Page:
Cash flow can be one of your most challenging concerns when running a small business. Consider that most small businesses fail in the first five years of operation, according to U.S. Bank. The survey conducted by U.S. Bank reported that poor cash flow management or lack of understanding about cash flow contributed to the failure a stunning 82 percent of the time. If you have or may experience this concern, you may want to evaluate business line of credit rates.
Some entrepreneurs may think that just increasing revenue is the answer to cash flow issues, but that’s not necessarily the case. Flow is just as important as cash, and understanding when money will come in and go out is crucial to your success.
Suppose you need to create a supply of widgets for your business to sell in October, but you need to buy the material in February. You have to pay for the materials in February or March, but you won’t see the money coming in from the sales until almost year-end. You are making enough money to support your operation, but the flow is off. That’s an excellent example of cash flow constraints.
You have options if you need to address a cash flow obstacle. Sometimes the difficulty is temporary. For example, if you can save some of the money you make with those autumn sales, you can use that to pay for the February material restocking needs. That is ultimately a good solution, but it may take a year or two to get there. So what should you do in the meantime?
Consider a business line of credit. A line of credit is similar to a loan but with some built-in advantages. First, lines of credit are flexible. You may not be sure exactly how much you need, but you don’t want to run short and have to apply again in a hurry. On the other hand, you don’t want to pay interest on a loan of $50,000 if you actually need only $25,000. The National Association of Independent Businesses says that a line of credit is “like an insurance policy that never needs to be paid until you need it.” The security of knowing you have access to cash via a line of credit can allow you to resolve short-term constraints and also take advantage of unexpected opportunities.
Unlike a business loan, a business line of credit allows you to use as much as you need and only make payments on the amount you use. Because of that element, it sometimes makes sense for a business owner to apply for a bit more than they expect to need. There is no disadvantage, and it may come in very handy. If you obtain a $100,000 loan, the interest you pay is based on the entire amount. In contrast, if you have a line of credit, you only pay for what you use. The business line of credit rates may be less than those for a flat loan and are almost always lower than those attached to a business credit card.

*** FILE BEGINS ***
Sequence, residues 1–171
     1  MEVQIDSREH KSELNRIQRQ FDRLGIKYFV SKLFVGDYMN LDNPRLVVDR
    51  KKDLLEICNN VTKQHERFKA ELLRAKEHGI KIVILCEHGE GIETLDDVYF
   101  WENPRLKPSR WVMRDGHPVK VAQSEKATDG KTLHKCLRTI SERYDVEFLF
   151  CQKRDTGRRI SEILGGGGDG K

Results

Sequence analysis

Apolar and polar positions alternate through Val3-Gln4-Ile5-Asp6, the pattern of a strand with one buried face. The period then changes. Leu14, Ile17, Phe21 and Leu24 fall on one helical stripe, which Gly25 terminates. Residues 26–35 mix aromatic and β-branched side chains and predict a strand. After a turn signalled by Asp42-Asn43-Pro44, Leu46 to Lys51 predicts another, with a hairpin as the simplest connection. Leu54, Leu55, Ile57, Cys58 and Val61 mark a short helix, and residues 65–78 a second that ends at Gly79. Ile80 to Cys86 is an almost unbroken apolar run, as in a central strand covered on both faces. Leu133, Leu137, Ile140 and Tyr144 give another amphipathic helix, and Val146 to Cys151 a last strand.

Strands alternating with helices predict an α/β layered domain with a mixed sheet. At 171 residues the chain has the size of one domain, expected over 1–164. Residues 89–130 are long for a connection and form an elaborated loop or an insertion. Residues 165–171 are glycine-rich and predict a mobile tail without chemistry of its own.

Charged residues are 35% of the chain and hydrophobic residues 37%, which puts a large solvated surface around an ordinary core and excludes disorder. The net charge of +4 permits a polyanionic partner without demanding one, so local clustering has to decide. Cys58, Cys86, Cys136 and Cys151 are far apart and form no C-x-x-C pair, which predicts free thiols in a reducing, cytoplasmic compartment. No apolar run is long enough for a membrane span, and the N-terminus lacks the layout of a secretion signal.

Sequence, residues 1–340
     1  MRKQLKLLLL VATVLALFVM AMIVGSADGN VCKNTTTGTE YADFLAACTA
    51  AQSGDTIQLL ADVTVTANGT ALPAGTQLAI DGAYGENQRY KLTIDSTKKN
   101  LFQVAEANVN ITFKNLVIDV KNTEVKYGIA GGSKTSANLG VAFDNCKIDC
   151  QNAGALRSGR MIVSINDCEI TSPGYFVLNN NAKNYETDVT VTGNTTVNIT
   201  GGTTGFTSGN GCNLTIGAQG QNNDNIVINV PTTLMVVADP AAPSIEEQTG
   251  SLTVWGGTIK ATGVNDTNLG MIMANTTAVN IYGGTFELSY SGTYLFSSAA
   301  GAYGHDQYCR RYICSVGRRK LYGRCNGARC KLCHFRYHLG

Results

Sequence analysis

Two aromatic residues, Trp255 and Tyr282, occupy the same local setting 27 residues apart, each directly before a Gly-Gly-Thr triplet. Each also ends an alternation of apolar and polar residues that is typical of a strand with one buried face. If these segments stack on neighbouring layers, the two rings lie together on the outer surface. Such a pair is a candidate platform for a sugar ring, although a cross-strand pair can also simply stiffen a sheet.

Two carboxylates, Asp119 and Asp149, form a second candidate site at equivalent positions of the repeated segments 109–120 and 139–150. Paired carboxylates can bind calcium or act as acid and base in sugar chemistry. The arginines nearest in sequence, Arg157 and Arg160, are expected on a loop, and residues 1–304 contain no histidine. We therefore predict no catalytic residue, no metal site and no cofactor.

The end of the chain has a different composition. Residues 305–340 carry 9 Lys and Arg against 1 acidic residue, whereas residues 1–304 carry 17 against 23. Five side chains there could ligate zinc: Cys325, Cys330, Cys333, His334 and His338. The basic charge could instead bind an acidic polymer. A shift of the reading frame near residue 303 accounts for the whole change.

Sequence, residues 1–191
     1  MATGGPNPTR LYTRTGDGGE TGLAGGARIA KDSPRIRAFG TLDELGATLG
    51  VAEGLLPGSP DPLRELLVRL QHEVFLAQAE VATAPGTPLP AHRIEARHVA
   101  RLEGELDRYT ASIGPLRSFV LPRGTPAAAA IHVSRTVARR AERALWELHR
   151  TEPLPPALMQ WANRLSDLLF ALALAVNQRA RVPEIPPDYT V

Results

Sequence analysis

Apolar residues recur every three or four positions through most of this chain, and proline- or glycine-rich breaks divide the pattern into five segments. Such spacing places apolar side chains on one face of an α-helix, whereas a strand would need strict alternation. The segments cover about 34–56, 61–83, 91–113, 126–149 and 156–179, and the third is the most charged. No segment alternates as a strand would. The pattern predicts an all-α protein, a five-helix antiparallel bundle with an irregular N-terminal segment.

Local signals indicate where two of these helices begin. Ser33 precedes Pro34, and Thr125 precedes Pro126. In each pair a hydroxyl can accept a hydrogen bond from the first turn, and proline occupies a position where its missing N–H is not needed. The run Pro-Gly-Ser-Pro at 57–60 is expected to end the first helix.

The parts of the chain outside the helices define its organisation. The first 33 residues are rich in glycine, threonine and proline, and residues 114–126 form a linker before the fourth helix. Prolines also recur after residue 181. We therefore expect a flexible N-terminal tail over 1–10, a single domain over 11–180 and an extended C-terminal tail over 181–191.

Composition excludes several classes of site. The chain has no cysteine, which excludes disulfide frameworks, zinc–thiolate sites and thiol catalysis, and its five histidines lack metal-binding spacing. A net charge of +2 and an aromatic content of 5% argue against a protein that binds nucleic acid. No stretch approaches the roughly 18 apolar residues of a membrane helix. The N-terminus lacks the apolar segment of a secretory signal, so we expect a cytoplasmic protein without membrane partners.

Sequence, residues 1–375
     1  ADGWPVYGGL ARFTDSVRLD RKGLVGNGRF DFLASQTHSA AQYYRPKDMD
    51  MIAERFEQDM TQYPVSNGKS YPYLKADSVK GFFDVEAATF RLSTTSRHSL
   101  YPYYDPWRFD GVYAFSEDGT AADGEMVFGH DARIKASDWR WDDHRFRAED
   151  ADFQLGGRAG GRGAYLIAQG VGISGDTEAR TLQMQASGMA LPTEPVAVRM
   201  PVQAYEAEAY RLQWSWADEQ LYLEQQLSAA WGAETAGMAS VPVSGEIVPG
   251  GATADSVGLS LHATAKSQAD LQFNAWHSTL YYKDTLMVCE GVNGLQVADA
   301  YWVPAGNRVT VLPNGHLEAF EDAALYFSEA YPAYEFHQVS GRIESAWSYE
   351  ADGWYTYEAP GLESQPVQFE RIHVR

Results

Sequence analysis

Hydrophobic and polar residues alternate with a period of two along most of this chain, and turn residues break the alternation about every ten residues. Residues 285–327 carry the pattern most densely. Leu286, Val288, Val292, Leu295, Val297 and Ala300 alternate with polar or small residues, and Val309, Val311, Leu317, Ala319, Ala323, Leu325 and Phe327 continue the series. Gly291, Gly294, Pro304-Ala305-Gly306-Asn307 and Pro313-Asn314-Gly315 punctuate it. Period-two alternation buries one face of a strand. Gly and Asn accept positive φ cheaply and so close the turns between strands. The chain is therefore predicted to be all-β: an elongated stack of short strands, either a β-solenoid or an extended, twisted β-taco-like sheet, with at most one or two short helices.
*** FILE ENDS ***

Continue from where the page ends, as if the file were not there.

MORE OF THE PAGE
You can apply for a business credit line with the financial institution you use for your checking and other business banking needs. However, keep in mind that you might not get the best line of credit rate from that financial institution. Sometimes, a credit union might have a promotion on rates, and you may also want to research the rates available from online banks.
The business line of credit rate you pay will depend on several factors:
Overall interest rates. As the Federal Reserve Bank Board of Governors increases the federal funds rate (which is the rate that banks charge each other for overnight loans), the effect trickles out to other interest rates. Everything from mortgage rates to credit card interest rates follows the federal funds rate to some degree.
Your business creditworthiness. A lender will offer you a business line of credit rate that reflects their view of how likely you are to manage your payments effectively. If your business is new, part of the calculation will also include your personal credit history.
Whether your line of credit is secured or unsecured. If you have collateral to offer, you can probably get a lower interest rate. Collateral is something—often property—that the lender can use to recover their money if you don’t pay the loan back as agreed. It’s like mortgaging your house: the bank can sell your home to recoup their loss if you don’t make the payments.
Fixed or adjustable. As with other loan options, taking an adjustable interest rate might allow you to start with a lower rate. In high-interest rate environments, an adjustable rate may offer relief if rates fall. Most business line of credit rates are adjustable. Although you can probably find a fixed rate, it will be higher to reflect the increased risk.
One common misconception about SBA loans is that the money comes from the government. In fact, the Small Business Administration (SBA) guarantees loans made to small businesses by participating lenders, including banks and credit unions. These guaranteed loans may make the difference between approval and rejection for some small businesses. However, the downside is that these loans or lines of credit may take longer to approve, and the line of credit rate may not be competitive with a product that doesn’t require the SBA guarantee. Therefore, business owners should research and evaluate their options.
A traditional loan might make sense if you have a specific need for a fixed amount and a fixed rate. But remember the report cited earlier, which noted that cash flow constraints play a role in 82 percent of small business failures. You may not be able to forecast accurately when and how much cash you will need until you have been in operation for some time. Therefore, it’s much better to have access to a line of credit you can use as needed. Even if the line of credit rate is a bit higher, you gain peace of mind by knowing that you can respond to issues as they arise. Planning for business uncertainties may make the difference between success and failure.